At the time of the writing of Charles Dickens', A Christmas Carol, "scrooge" was a slang word synonymous with the word, "squeeze". And "a humbug" was a person who put on false airs as in a person who behaves as if everything is rosy when his life is anything but. What Scrooge disapproved of was the false display of gaiety and good will from people who behaved otherwise the rest of the year.

mike_2000_17 commented: Cool! +0

Then by that definition, I'm definately scrooge-like. I'm even worse at new year, with all the insincerity that brings!

That's a really interesting original definition. No wonder it got twisted into meaning a cheap and miserable man. Nobody likes to be told that they are hypocrites, they prefer to say that the guy who points it out is a miserable fool.

Santa Claus is based on St. Nicholas of Myra. He was a 5-foot-tall Greek man with a broken nose, and lived in modern-day Turkey around A.D. 200 to 300. He was renowned for his generosity, his kindness to children and his amazing boxing skills.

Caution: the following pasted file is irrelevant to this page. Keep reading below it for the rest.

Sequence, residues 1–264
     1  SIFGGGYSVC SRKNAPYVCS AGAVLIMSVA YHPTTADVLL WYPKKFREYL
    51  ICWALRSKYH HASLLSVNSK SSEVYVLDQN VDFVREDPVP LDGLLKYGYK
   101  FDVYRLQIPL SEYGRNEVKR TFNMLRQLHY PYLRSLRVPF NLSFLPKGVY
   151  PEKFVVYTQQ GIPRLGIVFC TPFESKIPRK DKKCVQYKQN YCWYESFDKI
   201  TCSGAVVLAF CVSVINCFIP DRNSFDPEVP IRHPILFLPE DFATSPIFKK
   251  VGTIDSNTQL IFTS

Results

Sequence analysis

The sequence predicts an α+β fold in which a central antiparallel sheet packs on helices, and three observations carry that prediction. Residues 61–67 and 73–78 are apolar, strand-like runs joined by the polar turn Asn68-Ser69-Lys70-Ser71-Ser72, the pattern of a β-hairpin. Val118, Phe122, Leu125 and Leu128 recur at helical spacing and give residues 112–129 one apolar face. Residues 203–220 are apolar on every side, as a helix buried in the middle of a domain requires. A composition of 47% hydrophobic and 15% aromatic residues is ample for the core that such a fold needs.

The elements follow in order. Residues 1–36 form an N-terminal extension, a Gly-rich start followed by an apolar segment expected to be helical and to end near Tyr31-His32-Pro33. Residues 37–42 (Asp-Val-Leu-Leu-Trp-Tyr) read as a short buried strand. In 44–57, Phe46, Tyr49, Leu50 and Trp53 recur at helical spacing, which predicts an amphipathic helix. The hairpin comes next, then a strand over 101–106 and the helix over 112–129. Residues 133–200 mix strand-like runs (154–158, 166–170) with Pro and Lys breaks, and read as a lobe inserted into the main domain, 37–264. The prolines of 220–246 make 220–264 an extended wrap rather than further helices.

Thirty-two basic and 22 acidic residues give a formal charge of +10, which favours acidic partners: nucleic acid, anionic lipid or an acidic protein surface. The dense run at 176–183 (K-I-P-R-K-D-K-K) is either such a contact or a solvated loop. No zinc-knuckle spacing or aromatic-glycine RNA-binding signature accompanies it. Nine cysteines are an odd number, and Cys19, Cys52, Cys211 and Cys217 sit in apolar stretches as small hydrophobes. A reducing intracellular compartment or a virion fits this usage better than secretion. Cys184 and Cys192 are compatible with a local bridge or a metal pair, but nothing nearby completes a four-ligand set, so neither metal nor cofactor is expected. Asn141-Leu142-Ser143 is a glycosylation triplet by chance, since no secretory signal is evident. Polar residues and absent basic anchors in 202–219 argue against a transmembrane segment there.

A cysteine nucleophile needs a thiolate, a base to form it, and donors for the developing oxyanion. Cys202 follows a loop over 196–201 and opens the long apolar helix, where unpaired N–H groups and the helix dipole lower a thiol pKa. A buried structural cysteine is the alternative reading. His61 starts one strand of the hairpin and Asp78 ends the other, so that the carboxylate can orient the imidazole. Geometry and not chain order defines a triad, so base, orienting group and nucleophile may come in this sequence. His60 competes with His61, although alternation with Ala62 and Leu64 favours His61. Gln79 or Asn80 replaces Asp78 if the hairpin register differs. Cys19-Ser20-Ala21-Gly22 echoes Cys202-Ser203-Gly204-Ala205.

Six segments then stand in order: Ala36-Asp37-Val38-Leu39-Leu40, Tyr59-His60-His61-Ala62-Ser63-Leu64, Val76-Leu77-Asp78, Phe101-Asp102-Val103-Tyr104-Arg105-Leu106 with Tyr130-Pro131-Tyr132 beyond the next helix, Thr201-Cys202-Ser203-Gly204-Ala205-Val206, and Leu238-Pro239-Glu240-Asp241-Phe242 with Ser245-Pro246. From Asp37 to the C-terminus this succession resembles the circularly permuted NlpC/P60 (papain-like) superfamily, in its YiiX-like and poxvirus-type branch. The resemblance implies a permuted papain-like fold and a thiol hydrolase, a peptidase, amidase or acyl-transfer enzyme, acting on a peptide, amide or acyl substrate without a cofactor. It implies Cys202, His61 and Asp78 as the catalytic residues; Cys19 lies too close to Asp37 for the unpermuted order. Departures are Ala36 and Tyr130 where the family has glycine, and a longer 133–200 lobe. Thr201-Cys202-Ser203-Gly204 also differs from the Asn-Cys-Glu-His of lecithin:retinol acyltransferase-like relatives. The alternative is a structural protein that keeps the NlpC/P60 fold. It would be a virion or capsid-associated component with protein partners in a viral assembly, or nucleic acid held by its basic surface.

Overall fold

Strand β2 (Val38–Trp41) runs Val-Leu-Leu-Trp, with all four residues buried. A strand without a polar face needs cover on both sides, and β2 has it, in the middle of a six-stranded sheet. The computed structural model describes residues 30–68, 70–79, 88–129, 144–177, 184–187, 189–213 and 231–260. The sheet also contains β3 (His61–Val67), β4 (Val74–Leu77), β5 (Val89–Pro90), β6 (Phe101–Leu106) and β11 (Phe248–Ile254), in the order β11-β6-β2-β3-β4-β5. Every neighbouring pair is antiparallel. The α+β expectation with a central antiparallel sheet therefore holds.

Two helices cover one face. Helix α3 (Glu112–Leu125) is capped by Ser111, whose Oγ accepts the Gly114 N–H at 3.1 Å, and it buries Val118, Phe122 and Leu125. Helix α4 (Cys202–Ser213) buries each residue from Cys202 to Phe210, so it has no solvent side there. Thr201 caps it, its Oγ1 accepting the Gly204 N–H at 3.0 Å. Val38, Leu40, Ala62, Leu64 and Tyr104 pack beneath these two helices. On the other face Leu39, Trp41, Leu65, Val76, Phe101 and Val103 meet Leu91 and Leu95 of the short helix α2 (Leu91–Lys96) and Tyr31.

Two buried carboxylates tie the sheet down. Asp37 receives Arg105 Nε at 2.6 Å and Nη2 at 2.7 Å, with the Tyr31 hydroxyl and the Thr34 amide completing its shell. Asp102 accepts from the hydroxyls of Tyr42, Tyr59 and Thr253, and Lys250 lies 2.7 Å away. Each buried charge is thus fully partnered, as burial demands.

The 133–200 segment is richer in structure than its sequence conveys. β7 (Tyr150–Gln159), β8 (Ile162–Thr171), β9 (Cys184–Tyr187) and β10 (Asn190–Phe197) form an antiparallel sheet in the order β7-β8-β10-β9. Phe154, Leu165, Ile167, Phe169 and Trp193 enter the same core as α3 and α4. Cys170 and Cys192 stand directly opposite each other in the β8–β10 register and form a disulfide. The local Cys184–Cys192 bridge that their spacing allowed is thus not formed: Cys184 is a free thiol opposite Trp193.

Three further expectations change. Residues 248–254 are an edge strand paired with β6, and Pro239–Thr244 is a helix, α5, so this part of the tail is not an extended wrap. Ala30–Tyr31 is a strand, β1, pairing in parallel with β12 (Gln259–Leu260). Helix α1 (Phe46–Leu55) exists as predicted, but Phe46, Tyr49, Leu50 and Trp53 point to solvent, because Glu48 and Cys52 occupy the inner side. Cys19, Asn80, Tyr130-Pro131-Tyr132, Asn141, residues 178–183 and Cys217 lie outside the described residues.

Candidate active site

Indeed Reverend Jim, the fact that he came with a steamboat from Spain with oranges and Zwarte Piet, was "invented" in the Netherlands!
The fact that Santa Claus wears his typical red-white suit, comes from Coca-Cola advertising in the beginning of the previous century.

If you check here as well as a few other sources you will see that the modern version of Santa Claus is in fact an amalgam of many old myths/legends/possibly historic figures. Sorta like Robin Hood and Jesus.

My father was born in Canada but both his parents came from the Netherlands in the late 1800s. You are likely familiar with the old threat that bad boys and girls would get a lump of coal in their stockings. In Holland, bad children were told they would get a (not sure of the spelling) slaypee which was a dried turd on a string. Sheesh. At least you can burn coal to stay warm.

Do you recall some of the old ads that used Santa (the modern Coca Cola version) to sell cigarettes?